Ever since the 1997 Red Annihilation tournament, when professional Quake player Dennis “Thresh” Fong won id Software CEO John Carmack’s Ferrari 328 GTS(!), gamers have tried to learn to play games and get paid for it.
Thresh: Where it all began
Thresh made upwards of $100,000 a year at his peak but was a significant outlier at a time when the esports community was small and had few names that were close to recognizable. He won nearly every tournament he entered and came away with nearly every sponsorship deal. Surprisingly, he followed this up by retiring.
Thresh was said to have “ESP” in competition. He had an innate ability to know what other players were doing and where they would be next. If that ability to lob grenades around corners and dodge rockets carried over to business, he foresaw more moneymaking opportunities in the gaming community itself than in the unreliable income inherent to being a professional athlete. He co-founded numerous companies based around the gaming community and journalism and in 2003 helped create a social hub and messenger app for gamers called Xfire.
The Xfire chat app integrated with games and its website to provide live chat, server browsing, and the ability to see what your friends and strangers were playing. At its peak before shutdown in 2015, Xfire had over 24 million registered users, mostly World of Warcraft and League of Legends. It gradually introduced new features like screenshots, video recording, and something they called “Mogulus,” which quickly found a more marketable name and is known these days as Vimeo Livestream.
The esports movement
In 2019, esports athletes recorded total winnings of $228,946,227, and the esports community is expected to top $1.11 billion in revenue by the end of 2020, even accounting for market slowdown due to the COVID-19 outbreak. Companies with franchise competitions like Blizzard pay their athletes a very competitive base salary that even includes health insurance. Due to the growth of the gaming industry sponsorships have also become common.
We are far from the days of Thresh being an outlier. It has finally become viable to be a professional esports athlete and be paid to play games. But this is hardly news to professional streamers, who have been able to make a living from their mix of gameplay and commentary for around a decade now. Way back in 2014, Twitch accounted for about one-eighth of the bandwidth of the entire Internet.
Professional gaming or streaming?
Now that the tables have leveled off a bit, which is the easier way to make a living as a professional gamer, streaming or competition – or maybe both?
Just like anything else in life, it depends on what you like and what you’re good at. If you have the skills, time, and wrist muscles for competition along with a drive to be the very best then become a professional athlete, but streaming could still be a much more lucrative path, especially if you dominate a niche. For example, online casinos alone pay streamers up to $1,000 per new customer they signup, and it’s not that hard to get going.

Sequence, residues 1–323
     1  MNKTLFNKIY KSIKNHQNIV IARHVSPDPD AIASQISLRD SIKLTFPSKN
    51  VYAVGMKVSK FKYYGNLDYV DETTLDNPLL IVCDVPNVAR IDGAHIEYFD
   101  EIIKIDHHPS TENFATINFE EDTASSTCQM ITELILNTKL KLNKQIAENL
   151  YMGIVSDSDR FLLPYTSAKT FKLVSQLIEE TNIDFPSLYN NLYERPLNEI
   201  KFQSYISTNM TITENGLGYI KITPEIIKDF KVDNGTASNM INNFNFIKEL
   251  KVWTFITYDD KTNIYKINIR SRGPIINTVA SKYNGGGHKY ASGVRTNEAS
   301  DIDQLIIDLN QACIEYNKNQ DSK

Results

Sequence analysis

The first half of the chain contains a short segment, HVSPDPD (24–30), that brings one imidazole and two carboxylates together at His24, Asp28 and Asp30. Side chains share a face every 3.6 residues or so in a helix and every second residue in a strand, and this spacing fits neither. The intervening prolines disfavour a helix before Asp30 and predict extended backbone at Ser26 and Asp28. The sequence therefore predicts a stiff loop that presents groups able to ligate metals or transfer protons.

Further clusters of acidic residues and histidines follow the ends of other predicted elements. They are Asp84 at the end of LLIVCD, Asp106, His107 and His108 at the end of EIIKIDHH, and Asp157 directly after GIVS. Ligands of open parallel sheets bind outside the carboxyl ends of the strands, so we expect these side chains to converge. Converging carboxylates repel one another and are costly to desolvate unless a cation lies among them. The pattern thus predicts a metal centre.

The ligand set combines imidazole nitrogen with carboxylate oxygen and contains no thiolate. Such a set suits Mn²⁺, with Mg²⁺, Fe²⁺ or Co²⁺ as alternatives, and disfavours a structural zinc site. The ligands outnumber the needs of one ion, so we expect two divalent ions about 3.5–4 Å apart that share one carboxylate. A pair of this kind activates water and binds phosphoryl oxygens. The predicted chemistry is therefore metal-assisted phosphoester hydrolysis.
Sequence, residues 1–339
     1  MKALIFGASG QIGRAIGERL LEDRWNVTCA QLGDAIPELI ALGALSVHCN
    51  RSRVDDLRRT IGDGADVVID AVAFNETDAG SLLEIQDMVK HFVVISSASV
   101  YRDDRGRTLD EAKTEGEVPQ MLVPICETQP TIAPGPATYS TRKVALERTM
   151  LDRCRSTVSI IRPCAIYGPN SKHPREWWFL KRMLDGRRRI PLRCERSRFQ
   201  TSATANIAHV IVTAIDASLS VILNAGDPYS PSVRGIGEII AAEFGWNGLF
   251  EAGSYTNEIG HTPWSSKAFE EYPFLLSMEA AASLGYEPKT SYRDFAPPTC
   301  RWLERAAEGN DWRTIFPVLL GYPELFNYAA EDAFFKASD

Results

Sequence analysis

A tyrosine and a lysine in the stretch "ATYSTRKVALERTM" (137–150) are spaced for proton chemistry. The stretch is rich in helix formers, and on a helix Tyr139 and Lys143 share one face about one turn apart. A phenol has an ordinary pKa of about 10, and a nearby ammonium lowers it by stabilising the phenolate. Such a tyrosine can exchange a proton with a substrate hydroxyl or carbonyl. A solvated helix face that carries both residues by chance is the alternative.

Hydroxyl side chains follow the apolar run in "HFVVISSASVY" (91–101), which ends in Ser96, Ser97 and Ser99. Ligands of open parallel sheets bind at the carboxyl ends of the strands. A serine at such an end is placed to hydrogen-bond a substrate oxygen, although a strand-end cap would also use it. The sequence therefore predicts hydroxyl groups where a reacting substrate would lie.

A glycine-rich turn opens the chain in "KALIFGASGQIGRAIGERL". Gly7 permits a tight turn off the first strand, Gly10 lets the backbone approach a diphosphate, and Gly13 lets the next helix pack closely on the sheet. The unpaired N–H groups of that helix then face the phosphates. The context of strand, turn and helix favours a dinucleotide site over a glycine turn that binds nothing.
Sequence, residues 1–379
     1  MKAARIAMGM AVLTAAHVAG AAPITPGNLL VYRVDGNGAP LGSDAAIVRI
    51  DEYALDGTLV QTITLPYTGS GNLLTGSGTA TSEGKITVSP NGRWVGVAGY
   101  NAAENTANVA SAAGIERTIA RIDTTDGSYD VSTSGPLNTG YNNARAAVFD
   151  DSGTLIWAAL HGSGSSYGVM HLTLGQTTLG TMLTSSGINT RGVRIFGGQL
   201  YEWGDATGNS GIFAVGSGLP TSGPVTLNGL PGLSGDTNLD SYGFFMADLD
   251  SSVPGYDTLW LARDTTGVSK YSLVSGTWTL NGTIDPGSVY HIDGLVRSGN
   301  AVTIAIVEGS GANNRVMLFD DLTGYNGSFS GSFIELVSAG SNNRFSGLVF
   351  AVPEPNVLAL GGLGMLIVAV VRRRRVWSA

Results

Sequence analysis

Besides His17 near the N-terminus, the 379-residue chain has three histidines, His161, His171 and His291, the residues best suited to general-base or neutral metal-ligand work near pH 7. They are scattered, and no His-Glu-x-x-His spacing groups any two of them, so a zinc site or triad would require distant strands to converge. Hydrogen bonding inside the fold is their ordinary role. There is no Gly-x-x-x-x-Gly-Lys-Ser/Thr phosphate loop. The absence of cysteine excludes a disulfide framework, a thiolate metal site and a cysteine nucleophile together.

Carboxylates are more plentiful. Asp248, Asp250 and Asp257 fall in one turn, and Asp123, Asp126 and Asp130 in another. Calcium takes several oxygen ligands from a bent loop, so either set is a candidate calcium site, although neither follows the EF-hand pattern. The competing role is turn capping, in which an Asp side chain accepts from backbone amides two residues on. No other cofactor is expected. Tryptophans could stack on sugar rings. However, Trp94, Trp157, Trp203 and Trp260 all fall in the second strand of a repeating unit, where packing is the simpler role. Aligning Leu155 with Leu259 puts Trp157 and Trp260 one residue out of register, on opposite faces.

All you need to stream is a microphone and a webcam, and you don’t even really need the webcam. After all, your viewers (probably) aren’t as interested in staring at you as they are in your cross-arena headshot on Fortnite last week or whatever you were doing in Minecraft all last night, but, especially in games like Minecraft, if you want them to stick around you do have to keep the witty repertoire up on the mic. If you do want to stream with a webcam, then you’ll also have to have a clean and well-lit space. Put some fancy stuff on your walls.
Marketing, marketing, marketing
Just like online dating, there is another skill besides good looks and good conversation that you’ll need to get started as a streamer. You’ll need good marketing too. As an esports athlete, your platform is provided for you by the franchise or competition you enter, but as a streamer you’ll need to select your platform (Twitch, YouTube, Mixer, Facebook) and attract your own viewers. You’ll eventually make money through a mixture of subscriptions, ads, donations, and professional sponsorships. Unlike athletes, streamers have no real cap to their income, so the harder you hustle the more cash that can flow.
It is technically possible to be both an athlete and a streamer, but it’s a lot of work. Just like Michael Jordan couldn’t play both baseball and basketball, even Thresh couldn’t play both sides. And neither of them had to keep up with constant nerfs and changes to the meta.
This also ties into the most important decision you’ll have to make in either career path: finding your niche. As an athlete, you need to stay on top in your game of choice. Being distracted from Mortal Kombat 11 practice because you’re suddenly into Pokémon Go could be a career killer. But as a streamer, you can make anything your niche as long as you keep your viewers watching.
Featured Image by Martin Garcia/ESPAT Media